Today on the 13:th of December we celebrate Lucia in Sweden (Saint Lucy’s Day in English). All over Scandinavia this date is associated with the longest night of the year (and consequencely the shortest day), since it’s coinciding with Winter Solstice. It is said that to vividly celebrate Saint Lucy’s Day will help one live the long winter days with enough light.
Lucia is a major feast day in Scandinavia, Sankta Lucia is represented as a lady in a white dress (a symbol of a Christian’s white baptismal robe) and red sash (symbolizing the blood of her martyrdom) with a crown or wreath of candles on her head. In Norway, Sweden and Swedish-speaking regions of Finland, as songs are sung, girls dressed as Saint Lucy carry cookies and saffron buns in procession, which “symbolizes bringing the light of Christianity throughout world darkness”. Nowadays Sweden are a rather secular society and for most people it doesn’t hold a religious significance but are rather a light festival where we celebrate the light in the darkness, since it is in fact the darkest time of the year and we are waiting for the (day)light to return to our northerly regions.
In both Protestant and Catholic churches, boys participate in the procession as well, playing different roles associated with Christmas. Fact is that in the 1800’s it was only men that appeared as Lucia. The modern Lucia tradition first started among the Swedish universities where female students wheren’t allowed at that time. Nowadays there are some controversy over males as Lucia (amongst narrowminded people), with one male who was elected Lucia at a high school being blocked from performing.
The modern tradition of having public processions in the Swedish cities really took off in 1927 when a newspaper in Stockholm elected an official Lucia for Stockholm that year. The initiative was then followed around the country through the local press. Today most cities in Sweden appoint a Lucia every year. Schools elect a Lucia and her maids among the students and a national Lucia is elected on national television from regional winners. The regional Lucias will visit shopping malls, old people’s homes and churches, singing and handing out gingernut cookies (pepparkakor). Guinness World Records has noted the Lucia procession in Ericsson Globe in Stockholm as the largest in the world, with 1200 participants from Adolf Fredrik’s Music School, Stockholms Musikgymnasium and Stockholms läns Blåsarsymfoniker.
Devotion to Saint Lucy is also practiced in the Italian regions of Lombardy, Emilia-Romagna, Veneto, Friuli Venezia Giulia, Trentino-Alto Adige, in the north of the country, and Sicily, in the south, as well as in the Croatian coastal region of Dalmatia.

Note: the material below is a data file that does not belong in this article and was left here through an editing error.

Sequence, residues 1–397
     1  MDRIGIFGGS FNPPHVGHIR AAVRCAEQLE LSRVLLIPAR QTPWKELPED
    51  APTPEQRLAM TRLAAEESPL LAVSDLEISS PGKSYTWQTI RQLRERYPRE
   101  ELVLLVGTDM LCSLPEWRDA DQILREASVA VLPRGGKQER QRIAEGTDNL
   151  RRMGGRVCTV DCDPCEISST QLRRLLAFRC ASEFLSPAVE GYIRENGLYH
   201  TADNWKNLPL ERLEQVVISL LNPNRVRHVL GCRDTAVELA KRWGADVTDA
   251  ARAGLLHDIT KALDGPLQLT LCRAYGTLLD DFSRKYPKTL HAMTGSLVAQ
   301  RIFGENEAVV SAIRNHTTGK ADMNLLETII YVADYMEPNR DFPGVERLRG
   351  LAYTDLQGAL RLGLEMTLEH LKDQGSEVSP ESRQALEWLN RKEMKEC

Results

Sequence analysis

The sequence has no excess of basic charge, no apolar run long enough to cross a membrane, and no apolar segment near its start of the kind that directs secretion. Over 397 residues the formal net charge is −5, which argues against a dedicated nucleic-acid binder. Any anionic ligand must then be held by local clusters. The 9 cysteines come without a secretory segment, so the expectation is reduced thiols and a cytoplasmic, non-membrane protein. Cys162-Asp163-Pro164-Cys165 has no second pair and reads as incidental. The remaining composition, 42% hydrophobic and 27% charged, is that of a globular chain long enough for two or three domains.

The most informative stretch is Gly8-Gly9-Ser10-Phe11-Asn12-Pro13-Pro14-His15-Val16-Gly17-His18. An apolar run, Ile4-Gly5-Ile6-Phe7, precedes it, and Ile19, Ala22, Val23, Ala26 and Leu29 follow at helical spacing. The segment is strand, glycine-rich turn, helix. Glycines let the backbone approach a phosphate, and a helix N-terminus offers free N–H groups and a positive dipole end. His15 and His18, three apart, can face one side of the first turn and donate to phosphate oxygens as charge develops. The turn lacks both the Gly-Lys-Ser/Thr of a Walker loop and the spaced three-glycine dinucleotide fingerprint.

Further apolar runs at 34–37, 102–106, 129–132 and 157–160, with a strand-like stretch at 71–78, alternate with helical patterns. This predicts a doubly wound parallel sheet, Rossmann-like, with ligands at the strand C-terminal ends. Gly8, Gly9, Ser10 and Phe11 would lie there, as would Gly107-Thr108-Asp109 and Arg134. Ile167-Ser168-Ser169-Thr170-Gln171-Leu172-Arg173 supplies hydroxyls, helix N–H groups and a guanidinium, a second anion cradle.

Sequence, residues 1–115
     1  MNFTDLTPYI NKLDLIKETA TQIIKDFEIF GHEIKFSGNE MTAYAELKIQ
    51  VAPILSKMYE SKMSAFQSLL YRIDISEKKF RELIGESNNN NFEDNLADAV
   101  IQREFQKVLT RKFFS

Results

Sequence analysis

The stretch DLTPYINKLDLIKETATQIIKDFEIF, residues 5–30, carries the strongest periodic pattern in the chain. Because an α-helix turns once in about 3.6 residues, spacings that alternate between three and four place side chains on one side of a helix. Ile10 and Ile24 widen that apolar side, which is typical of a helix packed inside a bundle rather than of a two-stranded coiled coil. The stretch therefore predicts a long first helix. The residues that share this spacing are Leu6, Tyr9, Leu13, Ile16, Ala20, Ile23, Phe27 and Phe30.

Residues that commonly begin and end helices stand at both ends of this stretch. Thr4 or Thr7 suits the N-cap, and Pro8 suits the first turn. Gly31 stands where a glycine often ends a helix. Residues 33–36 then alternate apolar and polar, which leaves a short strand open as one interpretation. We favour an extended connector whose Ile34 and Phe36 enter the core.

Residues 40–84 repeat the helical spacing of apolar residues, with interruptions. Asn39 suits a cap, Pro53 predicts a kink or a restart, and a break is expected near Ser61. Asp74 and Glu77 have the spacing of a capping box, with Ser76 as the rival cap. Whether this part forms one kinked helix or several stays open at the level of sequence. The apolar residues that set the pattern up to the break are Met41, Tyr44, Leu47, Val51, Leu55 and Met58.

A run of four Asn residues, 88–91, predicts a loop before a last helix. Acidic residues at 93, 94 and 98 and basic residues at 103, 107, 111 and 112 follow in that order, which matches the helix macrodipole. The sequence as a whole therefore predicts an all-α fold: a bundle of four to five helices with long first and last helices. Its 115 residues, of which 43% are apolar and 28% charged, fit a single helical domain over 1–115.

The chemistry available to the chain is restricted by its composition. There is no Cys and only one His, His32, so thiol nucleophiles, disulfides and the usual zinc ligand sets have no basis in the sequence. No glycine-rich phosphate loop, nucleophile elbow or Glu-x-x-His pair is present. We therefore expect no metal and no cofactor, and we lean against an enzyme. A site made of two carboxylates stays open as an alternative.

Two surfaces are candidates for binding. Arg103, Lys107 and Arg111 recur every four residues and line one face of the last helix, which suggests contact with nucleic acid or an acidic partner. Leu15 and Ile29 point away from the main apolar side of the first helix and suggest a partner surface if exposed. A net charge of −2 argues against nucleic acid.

This years Lucia is oin a friday, which happens to coincide with another phenomena, Friday 13:th. I don’t think many in Sweden will think about this when it’s Lucia. :)
As you might have heard. Friday the 13th is considered an unlucky day in Western superstition. It occurs when the 13th day of the month in the Gregorian calendar falls on a Friday, which happens at least once every year but can occur up to three times in the same year – for example, in 2015, the 13th fell on a Friday in February, March, and November. 2017 through 2020 will all have two Friday the 13ths, and the years 2021 and 2022 will have just one occurrence each.
On a side note, a Friday the 13th occurs only during a month that begins on a Sunday.
The irrational fear of the number 13 has been given a scientific name: “triskaidekaphobia”; and on analogy to this the fear of Friday the 13th is called , from the Greek words Paraskeví (Παρασκευή, meaning “Friday”), and dekatreís (δεκατρείς, meaning “thirteen”).
According to the Stress Management Center and Phobia Institute in Asheville, North Carolina, an estimated 17 to 21 million people in the United States are affected by a fear of this day, making it the most feared day and date in history. Some people are so paralyzed by fear that they avoid their normal routines in doing business, taking flights or even getting out of bed. “It’s been estimated that [US]$800 or $900 million is lost in business on this day”. Despite this, representatives for both Delta Air Lines and Continental Airlines (the latter now merged into United Airlines) have stated that their airlines do not suffer from any noticeable drop in travel on those Fridays.
In Finland, a consortium of governmental and nongovernmental organizations led by the Ministry of Social Affairs and Health promotes the National Accident Day (kansallinen tapaturmapäivä) to raise awareness about automotive safety, which always falls on a Friday the 13th. The event is coordinated by the Finnish Red Cross and has been held since 1995.
Studies have disproved any correlation between Friday the 13th and the rate of accidents. On the contrary, the Dutch Centre for Insurance Statistics on 12 June 2008 stated that “fewer accidents and reports of fire and theft occur when the 13th of the month falls on a Friday than on other Fridays, because people are preventatively more careful or just stay home. Statistically speaking, driving is slightly safer on Friday the 13th, at least in the Netherlands.
In Italian popular culture, Friday the 17th (and not the 13th) is considered a day of bad luck. The origin of this belief could be traced in the writing of number 17, in Roman numerals: XVII. By moving the “X” one can easily get the word VIXI (“I have lived”, implying death in the present), an omen of bad luck. In fact, in Italy, 13 is generally considered a lucky number. However, due to Americanization, young people consider Friday the 13th unlucky – as well…